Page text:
With most European countries shifting over to vat or value added tax for collecting tax on goods and services it is important that you get the right vat formula for calculating various vat rates. For example, if you are a vat registered trader in the UK that has also embraced vat then calculating correct vat rates is imperative while making a vat invoice, filing vat returns or even when applying for vat refunds.
All matters related to vat, customs and excise duties in the UK are handled by Her Majesty’s Revenue and Customs department or hmrc. This department has ushered all types of goods and services into around 14,000 classifications that fall into various vat rates. While some goods and services fall into the standard vat rate of 17.5% that will increase to 20% after January 4, 2011, others fall into the reduced vat rate of 5%. Still others, related to children, hospitals or gambling fall into the zero rate or vat exempt category while a few simply fall outside the vat net.
Thus, you will firstly need to know the classification of a particular product or service under which your vat rates fall before you can apply the corresponding vat formula. For example if you are selling a coat for £100 pounds exclusive of vat then you will need to calculate the amount of vat to be charged on the coat. If the coat attracts standard vat rates then you will need to calculate 17.5% over the basic rate and then add the vat rate to come up with the gross rate. In this case, you vat rate would be £17.50 being 17.5% over £100 and the total of your vat invoice will be £117.50. However, you might also need to calculate the amount of vat from any amount that displays a vat inclusive rate, especially when you file your vat returns where you will be required to show vat rates separately.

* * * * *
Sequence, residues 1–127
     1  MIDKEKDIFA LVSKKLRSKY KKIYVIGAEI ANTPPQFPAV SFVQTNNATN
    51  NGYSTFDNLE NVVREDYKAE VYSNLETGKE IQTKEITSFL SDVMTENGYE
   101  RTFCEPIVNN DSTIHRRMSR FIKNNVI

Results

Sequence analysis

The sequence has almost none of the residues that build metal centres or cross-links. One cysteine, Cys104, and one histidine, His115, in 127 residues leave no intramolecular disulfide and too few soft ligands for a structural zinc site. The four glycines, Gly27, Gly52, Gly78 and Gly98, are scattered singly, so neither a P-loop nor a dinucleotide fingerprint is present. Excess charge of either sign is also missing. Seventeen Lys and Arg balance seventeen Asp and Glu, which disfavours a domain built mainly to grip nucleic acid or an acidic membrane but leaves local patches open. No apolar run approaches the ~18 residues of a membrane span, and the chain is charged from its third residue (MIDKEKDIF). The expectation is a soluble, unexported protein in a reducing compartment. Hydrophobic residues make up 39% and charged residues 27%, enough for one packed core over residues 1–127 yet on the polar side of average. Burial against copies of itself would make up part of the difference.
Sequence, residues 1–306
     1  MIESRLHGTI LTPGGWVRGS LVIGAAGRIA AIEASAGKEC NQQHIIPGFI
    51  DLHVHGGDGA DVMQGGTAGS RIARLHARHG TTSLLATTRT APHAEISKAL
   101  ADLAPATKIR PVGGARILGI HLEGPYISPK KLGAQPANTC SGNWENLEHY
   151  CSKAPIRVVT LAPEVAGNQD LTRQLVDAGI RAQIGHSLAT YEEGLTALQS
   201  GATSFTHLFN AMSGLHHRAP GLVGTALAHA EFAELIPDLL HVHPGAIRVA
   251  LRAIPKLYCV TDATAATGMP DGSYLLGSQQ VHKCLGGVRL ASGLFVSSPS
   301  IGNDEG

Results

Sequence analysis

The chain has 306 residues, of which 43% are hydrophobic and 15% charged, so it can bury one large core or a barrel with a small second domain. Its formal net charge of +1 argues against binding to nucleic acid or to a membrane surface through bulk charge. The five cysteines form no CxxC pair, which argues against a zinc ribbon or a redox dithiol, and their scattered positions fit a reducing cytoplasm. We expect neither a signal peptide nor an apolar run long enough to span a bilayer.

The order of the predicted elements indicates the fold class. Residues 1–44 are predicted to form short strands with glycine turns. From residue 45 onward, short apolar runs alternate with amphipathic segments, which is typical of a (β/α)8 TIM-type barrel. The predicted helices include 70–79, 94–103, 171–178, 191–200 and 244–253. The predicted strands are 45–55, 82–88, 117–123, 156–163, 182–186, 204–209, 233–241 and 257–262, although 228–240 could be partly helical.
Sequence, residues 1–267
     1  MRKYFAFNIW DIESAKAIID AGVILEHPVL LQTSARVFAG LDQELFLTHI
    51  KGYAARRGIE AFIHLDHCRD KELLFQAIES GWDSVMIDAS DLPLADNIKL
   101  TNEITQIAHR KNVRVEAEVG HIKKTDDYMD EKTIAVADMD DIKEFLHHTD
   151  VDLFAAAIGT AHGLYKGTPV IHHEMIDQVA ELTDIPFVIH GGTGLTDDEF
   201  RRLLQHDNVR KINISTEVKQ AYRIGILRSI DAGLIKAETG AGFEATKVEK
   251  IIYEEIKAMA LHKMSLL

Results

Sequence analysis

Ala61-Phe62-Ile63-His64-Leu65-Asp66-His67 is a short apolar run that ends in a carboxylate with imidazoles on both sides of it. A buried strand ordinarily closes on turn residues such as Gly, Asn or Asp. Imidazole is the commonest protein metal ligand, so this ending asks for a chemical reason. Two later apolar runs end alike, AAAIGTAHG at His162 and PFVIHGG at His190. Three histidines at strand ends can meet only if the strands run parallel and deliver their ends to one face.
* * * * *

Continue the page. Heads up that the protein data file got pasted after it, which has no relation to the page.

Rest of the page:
Thus, your formula for the same example as above would be to take the vat inclusive amount, i.e. £117.50 and divide it by 1.175, which in turn will give you the vat exclusive price of £100 and the vat amount as £17.50, which is the remainder of vat inclusive price minus the vat exclusive price. However, this formula of 1.175 will change from January 4, 2011 onwards when the standard vat rates rise and the formula to calculate vat rates on reduced vat goods and services too will be different.
You can easily ask your vat agent to provide you with the correct formula to calculate vat or even visit the internet where you can download vat calculators for various eu countries including the UK. In addition, your vat agent should also be an expert in uk vat and eu vat rates so that all your vat returns and vat refunds too are filed only with the help of correct formulae. You can also visit the hmrc vat website to learn more about calculating vat rates as well as to use various other online vat services offered by hmrc to make your life easier.
Vat is a very simple method of paying and collecting taxes although you first need to get the hang of calculating vat rates correctly and quickly before you can become comfortable within the system. You should ensure that you get the right vat formula for calculating various vat rates so that your vat invoices, vat returns and vat reclaims remain within the boundaries of vat rules.